Alarmingly, Microsoft was forced to issue an emergency out-of-band Windows update last Saturday which is designed to disable patches already issued for the Spectre Variant 2 bug (CVE-2017-5715).
The update —KB4078130— targets Windows 7 (SP1), Windows 8.1, all versions of Windows 10, and all supported Windows Server distributions.
The original mitigations were first shipped on January 3 and were designed to combat the threat posed by the Meltdown and Spectre bugs.
This latest move was made after Intel publicly admitted that the microcode updates it developed for this bug caused “higher than expected reboots and other unpredictable system behaviour” that led to “data loss or corruption.”
As there have been no reported breaches due to Spectre, Microsoft made the unprecedented step of disabling the Variant 2 mitigations until Intel has found a more appropriate solution and stable fix.
Microsoft is aware that some of the updates might not be rolled out right away and have issued a set of instructions on how to manually disable the Spectre Variant 2 using the registry keys.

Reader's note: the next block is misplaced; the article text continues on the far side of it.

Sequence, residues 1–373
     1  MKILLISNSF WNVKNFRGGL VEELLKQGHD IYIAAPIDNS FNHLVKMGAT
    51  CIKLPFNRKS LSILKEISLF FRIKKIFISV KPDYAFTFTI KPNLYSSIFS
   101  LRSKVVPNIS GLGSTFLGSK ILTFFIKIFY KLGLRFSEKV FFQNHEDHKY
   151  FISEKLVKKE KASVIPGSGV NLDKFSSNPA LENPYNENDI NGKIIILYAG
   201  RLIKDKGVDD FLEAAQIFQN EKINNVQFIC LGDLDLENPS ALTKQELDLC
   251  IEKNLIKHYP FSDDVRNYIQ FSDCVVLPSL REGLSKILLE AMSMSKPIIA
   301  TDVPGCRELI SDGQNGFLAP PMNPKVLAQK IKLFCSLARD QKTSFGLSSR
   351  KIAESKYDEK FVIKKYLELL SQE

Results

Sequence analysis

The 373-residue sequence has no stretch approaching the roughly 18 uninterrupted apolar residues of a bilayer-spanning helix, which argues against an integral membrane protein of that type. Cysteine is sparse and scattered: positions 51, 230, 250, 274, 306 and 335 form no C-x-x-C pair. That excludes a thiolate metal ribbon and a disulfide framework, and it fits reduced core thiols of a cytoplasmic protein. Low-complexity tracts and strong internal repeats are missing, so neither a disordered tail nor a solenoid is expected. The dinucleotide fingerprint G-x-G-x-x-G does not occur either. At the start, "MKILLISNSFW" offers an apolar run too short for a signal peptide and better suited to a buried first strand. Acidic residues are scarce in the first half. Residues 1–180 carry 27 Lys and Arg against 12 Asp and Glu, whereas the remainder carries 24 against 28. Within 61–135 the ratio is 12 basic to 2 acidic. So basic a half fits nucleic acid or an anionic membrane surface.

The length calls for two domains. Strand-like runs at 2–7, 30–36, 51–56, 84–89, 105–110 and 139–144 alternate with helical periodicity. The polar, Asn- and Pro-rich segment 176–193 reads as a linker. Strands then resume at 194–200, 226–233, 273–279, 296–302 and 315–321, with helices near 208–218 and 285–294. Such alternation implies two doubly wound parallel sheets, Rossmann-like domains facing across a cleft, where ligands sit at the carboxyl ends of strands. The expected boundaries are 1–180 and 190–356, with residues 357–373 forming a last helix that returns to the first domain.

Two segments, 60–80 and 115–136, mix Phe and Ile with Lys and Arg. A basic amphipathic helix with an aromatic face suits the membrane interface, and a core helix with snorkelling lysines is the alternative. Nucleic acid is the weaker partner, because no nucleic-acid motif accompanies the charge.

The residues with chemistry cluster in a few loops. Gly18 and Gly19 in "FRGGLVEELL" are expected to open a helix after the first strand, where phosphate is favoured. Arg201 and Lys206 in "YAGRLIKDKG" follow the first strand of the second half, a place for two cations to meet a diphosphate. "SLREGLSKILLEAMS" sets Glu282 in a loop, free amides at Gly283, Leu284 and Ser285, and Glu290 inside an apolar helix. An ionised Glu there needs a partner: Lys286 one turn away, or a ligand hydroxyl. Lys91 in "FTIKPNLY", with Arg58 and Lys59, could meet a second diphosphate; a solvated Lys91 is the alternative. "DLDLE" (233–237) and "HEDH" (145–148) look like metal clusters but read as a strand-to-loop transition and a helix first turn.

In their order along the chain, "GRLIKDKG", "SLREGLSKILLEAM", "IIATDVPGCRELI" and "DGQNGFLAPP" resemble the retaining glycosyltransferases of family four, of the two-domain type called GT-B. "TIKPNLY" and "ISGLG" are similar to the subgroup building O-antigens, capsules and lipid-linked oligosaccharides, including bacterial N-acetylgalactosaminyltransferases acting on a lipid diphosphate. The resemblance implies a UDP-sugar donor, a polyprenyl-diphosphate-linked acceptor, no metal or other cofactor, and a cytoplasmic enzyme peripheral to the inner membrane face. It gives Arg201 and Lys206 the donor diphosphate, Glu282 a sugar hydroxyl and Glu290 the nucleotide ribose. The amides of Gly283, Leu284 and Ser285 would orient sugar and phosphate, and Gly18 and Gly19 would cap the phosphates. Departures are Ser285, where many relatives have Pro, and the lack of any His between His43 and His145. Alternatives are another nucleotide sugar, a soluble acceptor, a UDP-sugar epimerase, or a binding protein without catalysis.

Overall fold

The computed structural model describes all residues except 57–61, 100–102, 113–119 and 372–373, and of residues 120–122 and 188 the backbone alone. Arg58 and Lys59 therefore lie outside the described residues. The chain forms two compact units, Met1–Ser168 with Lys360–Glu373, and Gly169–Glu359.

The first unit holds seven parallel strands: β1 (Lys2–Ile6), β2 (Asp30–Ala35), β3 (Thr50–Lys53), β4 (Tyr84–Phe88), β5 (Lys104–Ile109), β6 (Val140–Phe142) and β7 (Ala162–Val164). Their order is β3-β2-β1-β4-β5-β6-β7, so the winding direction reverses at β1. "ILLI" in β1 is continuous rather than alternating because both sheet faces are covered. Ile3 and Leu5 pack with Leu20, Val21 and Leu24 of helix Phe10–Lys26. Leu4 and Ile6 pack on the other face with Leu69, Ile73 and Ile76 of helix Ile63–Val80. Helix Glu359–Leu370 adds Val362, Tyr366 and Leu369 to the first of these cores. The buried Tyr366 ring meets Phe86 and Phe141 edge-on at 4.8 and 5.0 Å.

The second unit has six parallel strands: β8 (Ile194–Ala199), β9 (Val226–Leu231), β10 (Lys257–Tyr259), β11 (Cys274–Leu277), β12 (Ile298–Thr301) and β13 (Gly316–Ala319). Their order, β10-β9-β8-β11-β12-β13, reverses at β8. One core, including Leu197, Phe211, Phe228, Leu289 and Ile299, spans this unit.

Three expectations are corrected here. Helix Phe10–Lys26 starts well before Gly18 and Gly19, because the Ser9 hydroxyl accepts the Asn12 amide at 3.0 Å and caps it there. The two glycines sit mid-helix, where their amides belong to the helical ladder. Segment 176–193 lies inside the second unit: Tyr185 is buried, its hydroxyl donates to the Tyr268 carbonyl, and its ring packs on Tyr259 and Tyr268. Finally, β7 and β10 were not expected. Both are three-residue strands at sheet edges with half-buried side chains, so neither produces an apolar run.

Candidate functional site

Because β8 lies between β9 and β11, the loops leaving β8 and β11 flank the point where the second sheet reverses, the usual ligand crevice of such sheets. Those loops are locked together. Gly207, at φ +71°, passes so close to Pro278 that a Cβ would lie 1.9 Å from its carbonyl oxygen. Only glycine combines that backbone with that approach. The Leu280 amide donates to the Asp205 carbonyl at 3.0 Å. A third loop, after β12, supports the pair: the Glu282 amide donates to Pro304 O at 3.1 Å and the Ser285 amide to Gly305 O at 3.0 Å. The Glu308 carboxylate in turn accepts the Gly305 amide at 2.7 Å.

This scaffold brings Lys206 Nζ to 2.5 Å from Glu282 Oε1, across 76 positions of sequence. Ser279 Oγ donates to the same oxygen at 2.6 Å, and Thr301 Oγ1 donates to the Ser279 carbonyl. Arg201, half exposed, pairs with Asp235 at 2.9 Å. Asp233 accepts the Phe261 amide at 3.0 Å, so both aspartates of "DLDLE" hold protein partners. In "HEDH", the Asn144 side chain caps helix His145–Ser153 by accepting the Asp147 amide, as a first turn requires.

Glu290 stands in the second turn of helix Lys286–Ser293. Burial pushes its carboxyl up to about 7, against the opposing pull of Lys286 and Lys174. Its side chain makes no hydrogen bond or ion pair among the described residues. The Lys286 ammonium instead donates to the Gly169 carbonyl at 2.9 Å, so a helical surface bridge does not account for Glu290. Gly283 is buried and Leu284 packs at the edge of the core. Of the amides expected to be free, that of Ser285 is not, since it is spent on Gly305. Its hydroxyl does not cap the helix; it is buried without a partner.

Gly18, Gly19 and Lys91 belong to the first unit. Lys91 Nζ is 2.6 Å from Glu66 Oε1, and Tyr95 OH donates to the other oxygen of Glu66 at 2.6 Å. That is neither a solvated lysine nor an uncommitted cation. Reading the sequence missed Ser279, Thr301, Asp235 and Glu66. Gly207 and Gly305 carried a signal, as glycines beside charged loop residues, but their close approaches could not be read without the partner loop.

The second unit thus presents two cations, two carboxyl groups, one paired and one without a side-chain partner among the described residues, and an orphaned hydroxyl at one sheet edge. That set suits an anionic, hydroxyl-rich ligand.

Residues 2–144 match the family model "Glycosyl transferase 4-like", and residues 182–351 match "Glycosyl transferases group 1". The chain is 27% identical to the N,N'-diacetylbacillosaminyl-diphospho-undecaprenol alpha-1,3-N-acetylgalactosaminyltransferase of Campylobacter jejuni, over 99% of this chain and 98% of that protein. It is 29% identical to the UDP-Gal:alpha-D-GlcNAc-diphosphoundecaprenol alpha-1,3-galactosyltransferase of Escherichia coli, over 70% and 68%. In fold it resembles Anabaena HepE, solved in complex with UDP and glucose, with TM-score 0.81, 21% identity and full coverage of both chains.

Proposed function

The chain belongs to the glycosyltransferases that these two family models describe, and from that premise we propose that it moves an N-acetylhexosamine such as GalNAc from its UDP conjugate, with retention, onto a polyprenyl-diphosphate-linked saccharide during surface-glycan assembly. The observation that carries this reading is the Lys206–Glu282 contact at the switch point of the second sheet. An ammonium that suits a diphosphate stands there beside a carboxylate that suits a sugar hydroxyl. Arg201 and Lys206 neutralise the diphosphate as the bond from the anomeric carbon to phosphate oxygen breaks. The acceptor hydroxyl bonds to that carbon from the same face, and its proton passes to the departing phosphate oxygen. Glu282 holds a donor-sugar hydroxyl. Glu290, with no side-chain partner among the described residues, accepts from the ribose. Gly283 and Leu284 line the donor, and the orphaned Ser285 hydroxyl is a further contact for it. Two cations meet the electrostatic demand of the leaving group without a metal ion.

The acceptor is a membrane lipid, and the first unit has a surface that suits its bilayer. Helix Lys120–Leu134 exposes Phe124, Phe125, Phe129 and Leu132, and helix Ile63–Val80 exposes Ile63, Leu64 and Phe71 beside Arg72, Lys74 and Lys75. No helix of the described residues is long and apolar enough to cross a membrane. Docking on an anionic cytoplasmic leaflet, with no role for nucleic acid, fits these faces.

Separate instructions are available for Windows desktop and server users.
Microsoft are following in the footsteps of Dell, who were the first company to advised customers to “revert back to a previous BIOS versions” that did not include Spectre patches.
HP and Red Hat Enterprises have also taken action since the admission was made by Intel although HP’s advice, to date at least, does not cover the Variant 2 patch. Red Hat actually took action prior to Intel’s announcement.
AMD processors could also be affected by the Spectre Variant 2 patching meaning that Intel is not alone with the issue. In fact, Microsoft actually rolled of Windows updates aimed solely at the AMD processors. Microsoft resumed these updates, but only after AMD worked with Microsoft to correct reported BSOD errors.
Via: The Verge